While the parent body of the meteorite studied by the research team is reportedly believed to no longer exist, its very presence in our solar system suggests that other similar objects “could potentially have done the same”.
Having studied the remains of a meteorite that exploded above Sudan back in 2008, a team of scientists managed to obtain important clues about the nature of its parent body, Science Alert reports.
Having subjected to spectral analysis a 50-milligram sample (AhS 202) of the space rock designated 2008 TC3, whose fragments showered upon the surface of our planet over a decade ago, the researchers found “an extremely rare form of hydrated crystals… known as amphibole”, the media outlet notes.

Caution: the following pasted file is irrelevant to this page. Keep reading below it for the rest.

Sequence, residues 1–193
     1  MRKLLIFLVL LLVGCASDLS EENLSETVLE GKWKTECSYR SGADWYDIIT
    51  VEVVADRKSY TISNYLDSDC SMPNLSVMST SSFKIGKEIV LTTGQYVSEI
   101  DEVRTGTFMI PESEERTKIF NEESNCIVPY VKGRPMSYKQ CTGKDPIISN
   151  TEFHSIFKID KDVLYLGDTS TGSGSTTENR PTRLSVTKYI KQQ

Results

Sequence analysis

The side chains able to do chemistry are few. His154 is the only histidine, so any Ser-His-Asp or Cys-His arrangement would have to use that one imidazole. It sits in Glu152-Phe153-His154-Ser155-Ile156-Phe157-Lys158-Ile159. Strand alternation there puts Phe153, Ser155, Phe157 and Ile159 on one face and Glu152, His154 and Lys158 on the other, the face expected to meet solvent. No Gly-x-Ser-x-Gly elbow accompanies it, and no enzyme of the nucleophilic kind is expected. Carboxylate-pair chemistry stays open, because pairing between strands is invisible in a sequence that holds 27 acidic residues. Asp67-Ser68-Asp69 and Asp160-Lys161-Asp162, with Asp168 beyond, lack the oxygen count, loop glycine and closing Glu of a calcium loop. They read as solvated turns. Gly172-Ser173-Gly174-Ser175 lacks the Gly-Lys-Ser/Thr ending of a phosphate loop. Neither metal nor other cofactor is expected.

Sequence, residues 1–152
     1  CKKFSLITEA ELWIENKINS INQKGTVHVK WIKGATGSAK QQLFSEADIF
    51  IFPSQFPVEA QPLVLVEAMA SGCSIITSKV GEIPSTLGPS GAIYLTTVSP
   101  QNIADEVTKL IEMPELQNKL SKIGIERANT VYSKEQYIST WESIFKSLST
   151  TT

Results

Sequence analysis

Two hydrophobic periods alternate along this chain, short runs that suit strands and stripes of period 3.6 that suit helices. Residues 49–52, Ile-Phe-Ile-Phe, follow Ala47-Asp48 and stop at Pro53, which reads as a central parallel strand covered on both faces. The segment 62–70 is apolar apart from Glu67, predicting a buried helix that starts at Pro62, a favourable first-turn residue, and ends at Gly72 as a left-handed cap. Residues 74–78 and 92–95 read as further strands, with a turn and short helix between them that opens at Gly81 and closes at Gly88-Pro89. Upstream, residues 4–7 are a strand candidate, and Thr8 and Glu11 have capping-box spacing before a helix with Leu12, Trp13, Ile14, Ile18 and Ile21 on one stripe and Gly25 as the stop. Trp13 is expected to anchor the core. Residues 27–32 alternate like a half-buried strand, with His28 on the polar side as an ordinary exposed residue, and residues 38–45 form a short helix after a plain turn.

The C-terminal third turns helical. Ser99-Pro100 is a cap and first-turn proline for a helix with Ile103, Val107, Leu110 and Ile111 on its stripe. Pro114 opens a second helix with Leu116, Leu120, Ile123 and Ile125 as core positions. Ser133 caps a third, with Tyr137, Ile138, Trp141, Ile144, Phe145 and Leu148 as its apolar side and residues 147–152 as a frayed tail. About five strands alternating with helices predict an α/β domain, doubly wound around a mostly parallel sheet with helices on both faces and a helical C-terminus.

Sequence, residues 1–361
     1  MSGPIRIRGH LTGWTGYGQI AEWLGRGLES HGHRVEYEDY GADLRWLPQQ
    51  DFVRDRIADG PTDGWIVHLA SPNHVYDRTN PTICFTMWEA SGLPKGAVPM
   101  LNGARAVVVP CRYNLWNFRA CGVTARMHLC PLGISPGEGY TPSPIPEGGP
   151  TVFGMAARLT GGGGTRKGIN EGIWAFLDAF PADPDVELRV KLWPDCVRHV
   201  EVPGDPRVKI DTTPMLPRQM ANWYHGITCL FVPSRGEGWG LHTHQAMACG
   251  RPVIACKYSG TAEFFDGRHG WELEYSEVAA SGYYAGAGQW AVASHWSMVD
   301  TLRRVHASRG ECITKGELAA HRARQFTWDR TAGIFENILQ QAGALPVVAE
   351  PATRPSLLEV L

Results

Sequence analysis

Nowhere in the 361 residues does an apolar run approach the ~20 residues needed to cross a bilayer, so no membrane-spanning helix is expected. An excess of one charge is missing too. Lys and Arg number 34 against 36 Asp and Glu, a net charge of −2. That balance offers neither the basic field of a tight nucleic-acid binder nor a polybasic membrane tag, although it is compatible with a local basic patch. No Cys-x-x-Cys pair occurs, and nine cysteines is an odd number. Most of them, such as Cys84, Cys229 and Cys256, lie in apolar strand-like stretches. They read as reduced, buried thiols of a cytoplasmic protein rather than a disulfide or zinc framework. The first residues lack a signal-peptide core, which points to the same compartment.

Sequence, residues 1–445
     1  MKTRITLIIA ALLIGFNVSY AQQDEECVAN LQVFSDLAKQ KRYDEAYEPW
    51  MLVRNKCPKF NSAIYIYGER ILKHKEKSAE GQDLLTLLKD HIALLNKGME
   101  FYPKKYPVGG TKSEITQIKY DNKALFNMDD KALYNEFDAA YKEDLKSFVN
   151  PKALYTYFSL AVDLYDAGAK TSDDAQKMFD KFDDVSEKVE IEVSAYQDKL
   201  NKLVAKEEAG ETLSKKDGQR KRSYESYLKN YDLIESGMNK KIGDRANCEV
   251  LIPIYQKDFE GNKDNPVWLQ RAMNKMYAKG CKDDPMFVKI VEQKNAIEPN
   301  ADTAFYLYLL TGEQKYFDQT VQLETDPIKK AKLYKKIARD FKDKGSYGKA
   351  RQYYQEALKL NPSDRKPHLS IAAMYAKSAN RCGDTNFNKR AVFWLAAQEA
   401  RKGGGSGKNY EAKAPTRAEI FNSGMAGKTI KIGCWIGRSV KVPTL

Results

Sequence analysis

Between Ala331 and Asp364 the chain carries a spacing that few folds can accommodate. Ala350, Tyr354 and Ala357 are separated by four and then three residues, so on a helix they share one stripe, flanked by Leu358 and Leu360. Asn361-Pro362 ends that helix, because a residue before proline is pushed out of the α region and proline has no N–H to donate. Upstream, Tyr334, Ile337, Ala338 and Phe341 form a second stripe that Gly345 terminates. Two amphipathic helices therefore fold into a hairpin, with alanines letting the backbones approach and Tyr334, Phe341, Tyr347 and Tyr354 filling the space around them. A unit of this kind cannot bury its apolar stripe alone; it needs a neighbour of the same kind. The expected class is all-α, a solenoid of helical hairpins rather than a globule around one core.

The scientists reportedly postulate that 2008 TC3 might have originated from a larger body whose size would be comparable to dwarf planet Ceres, as most carbonaceous chondrite parent bodies “are thought to be less than 100 km in diameter, and thus would not be sufficiently large to produce the range of pressure and temperature conditions represented by the mineral assemblage” in the shard that they examined.
The media outlet also points out that while this parent body “is thought to no longer exist”, the very fact of its previous presence in our solar system suggests that “more of its kind could potentially have done the same”.